I just subscribe to the philosophy (or George Michael lyrics, if you please) “sometimes the clothes do not make a man.” Nor do they make the solo practitioner. I’m quite content to help clients do great marketing and PR—all in my beloved hoodie and yoga pants. J


Karen Swim, @karenswim, Words for Hire, Akron

One of the many benefits of having your own business is the freedom to create your own work environment. I worked at home, when not traveling or in the field, for 10 years before starting my own business and always “dressed for work.” On most days, no one sees me but I am not a fan of working in pajamas or sweats. I would feel weird having a phone meeting in PJs! For me, clothes put me in a work frame of mind and help me to be more productive. I’m sure we can blame this on my mother who instilled in me that you show up to work early so you get the chitchat out of the way and you dress appropriately. So if it seems rigid, blame my mother!

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In the winter months, I am more casual and will wear jeans and layers, lots of layers! Moving from California to Michigan, winter is still tough for me. Most days I like to dress up jeans a bit with nice tops, blazers and cute high heeled boots but some days I’ll have a little fun and even show off my alumni school spirit.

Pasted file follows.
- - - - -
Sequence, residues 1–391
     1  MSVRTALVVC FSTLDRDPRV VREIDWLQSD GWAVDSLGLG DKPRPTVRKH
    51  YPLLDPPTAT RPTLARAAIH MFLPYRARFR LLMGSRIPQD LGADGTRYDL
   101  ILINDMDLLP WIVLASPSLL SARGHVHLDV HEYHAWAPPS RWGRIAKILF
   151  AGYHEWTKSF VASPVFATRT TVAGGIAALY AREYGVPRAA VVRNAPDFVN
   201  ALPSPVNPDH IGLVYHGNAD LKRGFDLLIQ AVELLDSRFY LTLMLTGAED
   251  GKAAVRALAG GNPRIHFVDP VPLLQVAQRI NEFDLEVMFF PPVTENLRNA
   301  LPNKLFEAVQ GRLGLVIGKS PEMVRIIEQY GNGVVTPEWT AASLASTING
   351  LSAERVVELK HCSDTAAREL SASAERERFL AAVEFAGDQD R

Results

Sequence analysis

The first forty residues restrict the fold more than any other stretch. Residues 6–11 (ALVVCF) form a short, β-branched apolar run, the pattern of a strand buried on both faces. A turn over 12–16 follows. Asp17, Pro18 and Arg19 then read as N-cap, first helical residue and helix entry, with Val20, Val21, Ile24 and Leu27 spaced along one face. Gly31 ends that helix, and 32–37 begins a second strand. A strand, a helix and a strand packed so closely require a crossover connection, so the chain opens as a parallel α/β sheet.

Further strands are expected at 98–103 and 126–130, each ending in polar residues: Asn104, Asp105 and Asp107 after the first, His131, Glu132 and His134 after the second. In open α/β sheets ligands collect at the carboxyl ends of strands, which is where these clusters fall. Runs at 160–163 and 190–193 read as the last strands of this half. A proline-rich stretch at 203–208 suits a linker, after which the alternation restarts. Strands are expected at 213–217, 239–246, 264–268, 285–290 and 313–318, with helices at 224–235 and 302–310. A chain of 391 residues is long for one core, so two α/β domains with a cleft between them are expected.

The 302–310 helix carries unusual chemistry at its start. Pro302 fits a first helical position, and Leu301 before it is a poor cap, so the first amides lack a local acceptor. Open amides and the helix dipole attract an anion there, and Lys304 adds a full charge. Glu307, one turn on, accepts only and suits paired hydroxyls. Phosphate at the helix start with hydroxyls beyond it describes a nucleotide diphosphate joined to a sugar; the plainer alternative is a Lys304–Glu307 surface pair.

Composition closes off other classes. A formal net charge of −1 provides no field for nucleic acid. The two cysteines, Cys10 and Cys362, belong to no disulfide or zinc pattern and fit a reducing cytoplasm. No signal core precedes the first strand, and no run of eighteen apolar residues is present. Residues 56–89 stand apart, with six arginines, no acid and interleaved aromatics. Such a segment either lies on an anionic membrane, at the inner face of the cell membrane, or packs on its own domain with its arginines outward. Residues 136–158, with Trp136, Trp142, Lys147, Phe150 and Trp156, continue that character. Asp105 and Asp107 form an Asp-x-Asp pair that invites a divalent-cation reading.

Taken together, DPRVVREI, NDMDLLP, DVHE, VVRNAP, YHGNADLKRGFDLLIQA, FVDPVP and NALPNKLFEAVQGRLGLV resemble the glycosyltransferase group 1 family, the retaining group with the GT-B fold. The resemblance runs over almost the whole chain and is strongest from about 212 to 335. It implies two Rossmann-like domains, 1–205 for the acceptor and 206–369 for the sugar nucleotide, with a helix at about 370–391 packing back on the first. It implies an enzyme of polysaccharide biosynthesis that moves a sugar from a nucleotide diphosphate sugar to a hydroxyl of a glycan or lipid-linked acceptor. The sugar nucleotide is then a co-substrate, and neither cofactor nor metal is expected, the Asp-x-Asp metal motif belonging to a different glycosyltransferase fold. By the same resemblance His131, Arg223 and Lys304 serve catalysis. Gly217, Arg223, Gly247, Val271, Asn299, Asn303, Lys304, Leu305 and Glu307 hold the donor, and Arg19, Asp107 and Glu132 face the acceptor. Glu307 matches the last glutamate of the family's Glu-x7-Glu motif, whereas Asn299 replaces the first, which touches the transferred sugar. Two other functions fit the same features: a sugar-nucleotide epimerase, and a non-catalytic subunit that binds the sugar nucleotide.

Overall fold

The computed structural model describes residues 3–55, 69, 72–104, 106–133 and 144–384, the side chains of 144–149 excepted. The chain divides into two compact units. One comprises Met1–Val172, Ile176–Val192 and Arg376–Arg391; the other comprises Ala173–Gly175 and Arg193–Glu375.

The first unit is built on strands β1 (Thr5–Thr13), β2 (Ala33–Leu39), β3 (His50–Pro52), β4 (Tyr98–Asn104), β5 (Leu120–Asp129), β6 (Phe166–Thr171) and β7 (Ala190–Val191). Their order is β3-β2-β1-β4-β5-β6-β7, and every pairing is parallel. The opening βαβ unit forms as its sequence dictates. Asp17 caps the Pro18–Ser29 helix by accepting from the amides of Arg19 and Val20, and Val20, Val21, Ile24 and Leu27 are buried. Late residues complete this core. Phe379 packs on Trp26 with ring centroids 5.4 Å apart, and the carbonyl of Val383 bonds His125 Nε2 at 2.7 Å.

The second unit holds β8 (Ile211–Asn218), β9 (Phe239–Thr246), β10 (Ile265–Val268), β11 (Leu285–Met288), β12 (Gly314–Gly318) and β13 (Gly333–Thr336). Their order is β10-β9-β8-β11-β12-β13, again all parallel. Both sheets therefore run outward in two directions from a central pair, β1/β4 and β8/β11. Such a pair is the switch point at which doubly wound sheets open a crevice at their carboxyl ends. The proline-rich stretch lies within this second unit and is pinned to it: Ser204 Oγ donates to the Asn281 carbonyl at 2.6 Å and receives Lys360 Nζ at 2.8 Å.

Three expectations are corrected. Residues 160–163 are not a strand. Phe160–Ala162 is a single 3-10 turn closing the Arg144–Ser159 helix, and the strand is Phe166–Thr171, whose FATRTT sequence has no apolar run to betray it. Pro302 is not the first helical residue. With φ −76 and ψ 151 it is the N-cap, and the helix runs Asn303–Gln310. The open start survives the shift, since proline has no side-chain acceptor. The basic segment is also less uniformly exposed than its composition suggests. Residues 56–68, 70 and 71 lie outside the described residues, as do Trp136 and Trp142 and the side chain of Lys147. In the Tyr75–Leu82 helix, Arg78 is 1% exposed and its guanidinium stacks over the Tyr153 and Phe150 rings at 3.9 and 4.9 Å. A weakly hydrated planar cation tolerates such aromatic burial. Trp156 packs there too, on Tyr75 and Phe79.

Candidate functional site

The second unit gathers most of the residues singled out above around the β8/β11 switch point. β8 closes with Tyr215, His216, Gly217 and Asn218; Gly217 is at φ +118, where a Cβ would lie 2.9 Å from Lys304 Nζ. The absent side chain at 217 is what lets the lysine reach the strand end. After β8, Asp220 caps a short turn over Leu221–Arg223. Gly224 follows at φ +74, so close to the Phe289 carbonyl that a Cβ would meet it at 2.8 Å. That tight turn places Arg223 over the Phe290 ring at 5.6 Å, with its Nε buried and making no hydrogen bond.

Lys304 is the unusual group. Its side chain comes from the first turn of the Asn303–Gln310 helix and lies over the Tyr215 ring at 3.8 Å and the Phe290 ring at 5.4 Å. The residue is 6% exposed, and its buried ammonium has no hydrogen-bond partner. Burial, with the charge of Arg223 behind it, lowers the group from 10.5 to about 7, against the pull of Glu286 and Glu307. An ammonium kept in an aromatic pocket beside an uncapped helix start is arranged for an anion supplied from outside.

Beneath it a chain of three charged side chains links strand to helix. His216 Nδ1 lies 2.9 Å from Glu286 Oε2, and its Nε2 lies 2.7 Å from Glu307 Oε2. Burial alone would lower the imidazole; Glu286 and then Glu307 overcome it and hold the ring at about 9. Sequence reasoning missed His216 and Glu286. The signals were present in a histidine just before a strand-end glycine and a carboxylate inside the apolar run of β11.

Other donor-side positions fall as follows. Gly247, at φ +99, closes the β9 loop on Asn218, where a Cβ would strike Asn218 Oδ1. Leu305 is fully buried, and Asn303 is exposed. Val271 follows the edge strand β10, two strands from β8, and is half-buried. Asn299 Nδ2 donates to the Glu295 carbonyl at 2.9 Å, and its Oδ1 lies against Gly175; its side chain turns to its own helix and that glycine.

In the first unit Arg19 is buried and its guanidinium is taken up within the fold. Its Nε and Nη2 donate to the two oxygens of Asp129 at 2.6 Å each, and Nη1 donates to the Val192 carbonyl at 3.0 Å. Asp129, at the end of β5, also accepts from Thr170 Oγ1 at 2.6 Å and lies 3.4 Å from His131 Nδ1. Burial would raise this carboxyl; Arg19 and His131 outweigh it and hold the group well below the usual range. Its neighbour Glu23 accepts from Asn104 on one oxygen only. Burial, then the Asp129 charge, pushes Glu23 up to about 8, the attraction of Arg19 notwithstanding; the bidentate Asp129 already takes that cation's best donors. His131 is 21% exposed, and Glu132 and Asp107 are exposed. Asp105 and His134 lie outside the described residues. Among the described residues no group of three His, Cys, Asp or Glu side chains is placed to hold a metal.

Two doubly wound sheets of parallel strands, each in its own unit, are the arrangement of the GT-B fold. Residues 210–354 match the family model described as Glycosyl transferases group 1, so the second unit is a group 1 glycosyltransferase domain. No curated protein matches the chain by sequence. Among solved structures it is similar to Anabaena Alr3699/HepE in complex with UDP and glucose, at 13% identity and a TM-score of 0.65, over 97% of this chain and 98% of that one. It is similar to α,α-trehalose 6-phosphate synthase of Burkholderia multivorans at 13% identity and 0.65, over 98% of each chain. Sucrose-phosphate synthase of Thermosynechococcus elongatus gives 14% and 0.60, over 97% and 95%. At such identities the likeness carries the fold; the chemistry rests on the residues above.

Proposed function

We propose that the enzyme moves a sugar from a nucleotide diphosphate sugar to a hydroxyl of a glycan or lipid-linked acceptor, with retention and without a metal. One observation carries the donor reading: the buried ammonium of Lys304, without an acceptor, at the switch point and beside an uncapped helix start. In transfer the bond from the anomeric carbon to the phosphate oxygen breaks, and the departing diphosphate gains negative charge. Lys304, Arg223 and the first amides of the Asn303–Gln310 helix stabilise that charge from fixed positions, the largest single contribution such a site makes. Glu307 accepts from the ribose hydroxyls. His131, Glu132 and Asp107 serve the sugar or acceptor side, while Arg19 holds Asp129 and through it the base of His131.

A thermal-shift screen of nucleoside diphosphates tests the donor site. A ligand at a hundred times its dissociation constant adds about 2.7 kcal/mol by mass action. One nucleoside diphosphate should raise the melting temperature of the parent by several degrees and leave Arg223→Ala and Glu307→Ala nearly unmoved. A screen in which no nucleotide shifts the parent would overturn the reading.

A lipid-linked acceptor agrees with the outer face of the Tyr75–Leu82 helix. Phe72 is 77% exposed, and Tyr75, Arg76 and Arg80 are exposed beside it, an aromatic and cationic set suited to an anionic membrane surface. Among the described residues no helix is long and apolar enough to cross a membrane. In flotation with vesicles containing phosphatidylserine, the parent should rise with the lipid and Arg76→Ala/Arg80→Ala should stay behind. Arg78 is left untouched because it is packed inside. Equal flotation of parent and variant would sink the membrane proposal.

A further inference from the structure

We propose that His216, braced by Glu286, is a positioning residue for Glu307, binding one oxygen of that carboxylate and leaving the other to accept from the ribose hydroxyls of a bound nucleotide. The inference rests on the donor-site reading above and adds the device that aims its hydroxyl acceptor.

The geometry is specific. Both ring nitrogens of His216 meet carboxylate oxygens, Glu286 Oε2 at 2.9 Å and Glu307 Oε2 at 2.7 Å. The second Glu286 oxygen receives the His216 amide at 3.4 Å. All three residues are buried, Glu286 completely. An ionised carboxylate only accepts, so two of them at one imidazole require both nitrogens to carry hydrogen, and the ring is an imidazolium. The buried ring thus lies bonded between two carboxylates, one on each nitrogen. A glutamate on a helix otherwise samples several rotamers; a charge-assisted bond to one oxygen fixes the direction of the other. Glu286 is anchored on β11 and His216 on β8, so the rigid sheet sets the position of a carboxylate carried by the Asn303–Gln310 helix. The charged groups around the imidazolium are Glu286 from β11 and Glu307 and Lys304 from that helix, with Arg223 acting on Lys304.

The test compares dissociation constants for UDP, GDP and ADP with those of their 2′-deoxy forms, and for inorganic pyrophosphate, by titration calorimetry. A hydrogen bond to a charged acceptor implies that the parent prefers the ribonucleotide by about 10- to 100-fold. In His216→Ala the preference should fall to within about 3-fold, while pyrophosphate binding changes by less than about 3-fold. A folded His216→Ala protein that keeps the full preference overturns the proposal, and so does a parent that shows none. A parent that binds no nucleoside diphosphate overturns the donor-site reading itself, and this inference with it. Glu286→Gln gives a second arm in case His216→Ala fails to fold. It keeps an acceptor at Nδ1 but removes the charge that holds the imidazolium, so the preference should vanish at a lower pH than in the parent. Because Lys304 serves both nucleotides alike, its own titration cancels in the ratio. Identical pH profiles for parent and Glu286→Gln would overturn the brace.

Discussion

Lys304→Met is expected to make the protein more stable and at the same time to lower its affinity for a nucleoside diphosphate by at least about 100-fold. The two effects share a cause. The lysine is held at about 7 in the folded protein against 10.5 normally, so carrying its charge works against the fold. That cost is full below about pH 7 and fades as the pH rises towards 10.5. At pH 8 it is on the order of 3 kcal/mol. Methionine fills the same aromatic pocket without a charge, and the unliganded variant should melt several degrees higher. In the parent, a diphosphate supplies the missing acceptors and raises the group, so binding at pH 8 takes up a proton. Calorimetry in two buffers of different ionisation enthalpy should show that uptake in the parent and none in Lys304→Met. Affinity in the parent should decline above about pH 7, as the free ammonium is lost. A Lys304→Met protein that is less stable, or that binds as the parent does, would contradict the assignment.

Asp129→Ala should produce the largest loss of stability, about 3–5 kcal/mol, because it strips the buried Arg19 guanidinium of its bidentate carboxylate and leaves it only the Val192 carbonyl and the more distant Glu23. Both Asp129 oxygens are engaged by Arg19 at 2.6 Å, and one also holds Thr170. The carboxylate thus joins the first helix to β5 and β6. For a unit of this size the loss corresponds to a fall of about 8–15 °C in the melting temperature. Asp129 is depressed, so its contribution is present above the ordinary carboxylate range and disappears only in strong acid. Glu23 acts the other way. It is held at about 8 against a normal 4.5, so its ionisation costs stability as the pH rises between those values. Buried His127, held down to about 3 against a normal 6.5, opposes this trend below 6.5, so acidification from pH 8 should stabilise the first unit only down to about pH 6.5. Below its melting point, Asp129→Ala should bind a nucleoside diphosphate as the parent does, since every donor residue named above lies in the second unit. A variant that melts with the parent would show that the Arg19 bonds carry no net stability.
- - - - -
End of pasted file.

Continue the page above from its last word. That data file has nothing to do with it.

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LuAnn Glowacz, @luannsaid, Word Cove, Austin

It’s summer, I work from home, and I live in Austin, Texas. That combined: It’s difficult to leave the flip flops, aviators and jean shorts in the closest. To be completely honest, I usually work in either my PJs or my workout clothes. Once I switched from mostly media relations to mostly executive ghost writing about two years ago, my days of leaving the house for work or to meet with the press have dwindled to very few and far between.  I’m also notorious for working barefoot, even before I worked from home (see the photo from my backyard—shorts, jean shirt and my one-and-only Stella & Dot splurge: a cuff bracelet).

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I try to schedule lunches and coffee meetings around my “standing” appointments—monthly client meetings, Freelance Austin, and networking events—to make the best use of my non-writing time. I’ll often find myself with downtime between gigs on those days, so even my professional wardrobe needs to be comfortable and versatile enough for a few hours of coffeehouse working. Here, I had back-to-back lunch and coffee meetings and arrived dressed head to toe in my new favorite neutral: navy (the shirt is from Nordstrom Rack, the pants from Target, and the shoes are amazingly comfortable Anne Klein kitten heels. Oh, and the Louis Vuitton? It’s a cherished gift from my mother-in-law. It actually fits my Windows Surface Pro, old-school notebook and regular purse junk…with room to spare.